3. Follow the steps to reset your settings. This won’t affect your user data or passwords, but it will reset settings like display brightness, Home screen layout, and wallpaper. It also removes your encrypted backup password.
  4. Connect your device to iTunes again and create a new encrypted backup.

You won’t be able to use previous encrypted backups, but you can back up your current data using iTunes and setting a new backup password.

If you have a device with iOS 10 or earlier, you can’t reset the password. 

You’ll be looking for these settings:

and

That’s it? That’s it. You have just removed the backup password. You can now make a new backup or, rather, extract information from the device. Don’t rush and make sure to specify a temporary password (“123” always works) before you make that backup. A password-protected backup will allow you decrypting the user’s passwords, credit card data, health data and other things that would be otherwise inaccessible.

So, set a temporary password, make that backup, decrypt it with Elcomsoft Phone Breaker or just use Keychain Explorer (a tool in Elcomsoft Phone Breaker) to access that user’s passwords, authentication tokens, credit card numbers and other interesting things. Oh, and their pictures, too.

Passwords:

While there, look for their Google Account password. If it is there in the keychain (and I don’t see why not), you’ll gain access to a whole lot of highly interesting information including several years worth of precise location data, all passwords they saved in Chrome, Google Photos, bookmarks, Google search history and a log more. Two-factor authentication? I bet it’s that SIM card or Google Prompt on the iPhone in your hands.

What if you don’t have any photos in the backup? Check in the iOS Settings app whether iCloud Photo Library is enabled in iCloud account – Sync – Photos. If it is, the photos are synced with iCloud and are not included in local or cloud backups. Simply switching this feature off makes it possible to back up the photos into a local backup.

What if the iPhone in question runs an earlier version of iOS that does not allow removing backup passwords? I say you’re lucky because you can simply update that device to iOS 11 and then reset that password. We tried this strategy multiple times, and not once did we have an issue.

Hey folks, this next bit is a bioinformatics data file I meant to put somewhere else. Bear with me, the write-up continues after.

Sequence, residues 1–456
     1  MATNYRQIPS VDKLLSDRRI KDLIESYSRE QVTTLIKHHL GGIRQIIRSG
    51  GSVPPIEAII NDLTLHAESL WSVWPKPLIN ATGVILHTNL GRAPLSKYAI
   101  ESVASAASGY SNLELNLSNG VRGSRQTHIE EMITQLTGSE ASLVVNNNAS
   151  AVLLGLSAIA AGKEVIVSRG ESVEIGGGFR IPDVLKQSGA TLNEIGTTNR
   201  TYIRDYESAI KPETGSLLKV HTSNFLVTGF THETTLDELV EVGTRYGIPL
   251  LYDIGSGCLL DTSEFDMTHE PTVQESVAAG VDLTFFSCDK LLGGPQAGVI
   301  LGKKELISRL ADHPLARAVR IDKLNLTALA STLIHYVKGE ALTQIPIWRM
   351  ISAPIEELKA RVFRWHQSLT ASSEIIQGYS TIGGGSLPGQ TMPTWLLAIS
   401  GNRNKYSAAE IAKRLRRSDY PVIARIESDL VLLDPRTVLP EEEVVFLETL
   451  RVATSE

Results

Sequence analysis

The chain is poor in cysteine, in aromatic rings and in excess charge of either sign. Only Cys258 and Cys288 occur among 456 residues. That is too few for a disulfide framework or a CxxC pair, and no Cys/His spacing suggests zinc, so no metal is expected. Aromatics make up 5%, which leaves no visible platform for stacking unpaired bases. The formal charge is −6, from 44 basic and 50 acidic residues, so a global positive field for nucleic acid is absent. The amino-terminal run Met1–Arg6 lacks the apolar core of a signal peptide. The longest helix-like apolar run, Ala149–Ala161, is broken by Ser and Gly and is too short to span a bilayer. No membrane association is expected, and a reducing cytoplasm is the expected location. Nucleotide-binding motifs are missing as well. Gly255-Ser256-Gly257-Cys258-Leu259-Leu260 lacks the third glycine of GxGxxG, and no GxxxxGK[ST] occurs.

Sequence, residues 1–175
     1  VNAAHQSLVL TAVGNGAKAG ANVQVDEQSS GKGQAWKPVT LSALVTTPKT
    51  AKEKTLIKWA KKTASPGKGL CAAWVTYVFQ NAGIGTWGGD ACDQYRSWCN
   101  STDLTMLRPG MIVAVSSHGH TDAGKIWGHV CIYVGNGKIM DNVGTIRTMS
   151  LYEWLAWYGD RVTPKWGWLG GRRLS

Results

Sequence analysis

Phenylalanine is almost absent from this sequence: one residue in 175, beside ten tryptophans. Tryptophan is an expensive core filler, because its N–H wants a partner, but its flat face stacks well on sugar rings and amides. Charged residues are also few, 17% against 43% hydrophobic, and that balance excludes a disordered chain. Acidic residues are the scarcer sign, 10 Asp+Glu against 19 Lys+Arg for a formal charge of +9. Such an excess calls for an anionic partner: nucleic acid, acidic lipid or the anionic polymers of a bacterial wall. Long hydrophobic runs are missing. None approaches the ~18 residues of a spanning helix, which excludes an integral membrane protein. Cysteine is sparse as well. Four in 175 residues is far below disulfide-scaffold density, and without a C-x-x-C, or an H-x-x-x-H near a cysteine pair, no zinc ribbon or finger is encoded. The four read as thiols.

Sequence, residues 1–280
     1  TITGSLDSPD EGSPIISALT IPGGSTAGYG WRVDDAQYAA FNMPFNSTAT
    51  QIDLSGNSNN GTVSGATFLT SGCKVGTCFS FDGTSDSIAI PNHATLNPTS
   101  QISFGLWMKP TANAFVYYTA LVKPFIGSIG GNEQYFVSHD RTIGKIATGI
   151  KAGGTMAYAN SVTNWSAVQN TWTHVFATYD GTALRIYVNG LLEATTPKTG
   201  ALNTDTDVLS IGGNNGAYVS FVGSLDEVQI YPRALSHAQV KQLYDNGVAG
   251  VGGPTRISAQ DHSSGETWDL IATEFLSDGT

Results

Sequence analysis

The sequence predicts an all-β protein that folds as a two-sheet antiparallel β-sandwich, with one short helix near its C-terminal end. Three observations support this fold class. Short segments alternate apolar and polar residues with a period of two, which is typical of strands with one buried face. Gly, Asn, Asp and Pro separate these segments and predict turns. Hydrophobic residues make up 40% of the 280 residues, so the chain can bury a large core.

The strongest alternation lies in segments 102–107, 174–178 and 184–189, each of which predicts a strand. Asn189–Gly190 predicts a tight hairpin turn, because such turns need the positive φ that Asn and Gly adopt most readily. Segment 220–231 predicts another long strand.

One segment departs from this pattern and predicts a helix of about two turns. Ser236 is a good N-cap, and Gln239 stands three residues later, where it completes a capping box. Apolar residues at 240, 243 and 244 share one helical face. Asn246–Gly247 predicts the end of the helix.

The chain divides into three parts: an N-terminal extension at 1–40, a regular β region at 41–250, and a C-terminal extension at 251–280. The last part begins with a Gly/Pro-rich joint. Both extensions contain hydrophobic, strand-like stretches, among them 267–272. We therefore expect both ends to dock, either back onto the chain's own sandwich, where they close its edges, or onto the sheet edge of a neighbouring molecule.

What if the device simply cannot run iOS 11, like that iPhone 5c from San-Bernardino? If this is the case, your best bet is attempting to jailbreak that iPhone. 32-bit devices (iPhone 4s, 5, and 5c) allow for complete physical acquisition (including the keychain). Just note that we are talking about the situation when the passcode is known, though that was not the case in San-Bernardino.

With access to just an iPhone and its passcode, you have already gained access to all of the following:

  1. Everything contained in a local backup (with a password)
  2. Passwords and tokens from the local keychain
  3. Local pictures and videos
  4. Application data (mostly SQLite)

This alone is massive, but that was just the beginning. You can do more; in fact, a lot more. What if I say you can now change the user’s Apple ID password, remove iCloud lock, remotely lock and/or erase user’s other devices and make sure they can never get back control over their account?

Changing Apple ID Password and Removing iCloud Lock

Normally, changing an account password requires confirming the old password first. In some cases, one could reset a password by receiving a one-time password reset link to a trusted address. This is about the same for the Big Three (Apple, Google and Microsoft) if you do it through the browser.

But (and this is a very important “but”) Apple has its own way. For Apple accounts with two-factor authentication, one can simply reset their Apple ID password from the device by confirming their device passcode (as opposed to supplying their old Apple ID password).

What does that mean in practice? If you have someone’s iPhone, and you happen to know or can recover the passcode (solutions allowing to brute-force device passcodes are available on the market), you can do the following:

  • Change the user’s Apple ID password
  • Remove iCloud lock (then reset and re-activate the iPhone on another account)
  • Discover physical location of their other devices registered on the same Apple account
  • Remotely lock or erase those devices
  • Replace original user’s trusted phone number (from then on, you’ll be receiving that user’s 2FA codes to your own SIM card)
  • Access everything stored in the user’s iCloud account

So how do you reset the user’s Apple account / iCloud password? For that, we’ll use the preinstalled Find My Phone app (reminder: this is going to work on 2FA-enabled accounts only):

From there, tap “Forgot Apple ID or password?” The app will prompt for device passcode:

Enter the passcode. During the next step, enter and confirm a new Apple ID password (same as iCloud password):

It’s that simple. You were never prompted to enter the original Apple account password; device passcode was enough to reset account password.

Is this a bug in the Find My Phone app? Absolutely not! You can do the same even without using the app. Open the Settings app on the user’s iPhone, and open the user’s Apple ID settings. From there, open Password & Security:

Tap Change Password. You will be prompted for device passcode:

Then you’ll be able to change the password to iCloud / Apple ID: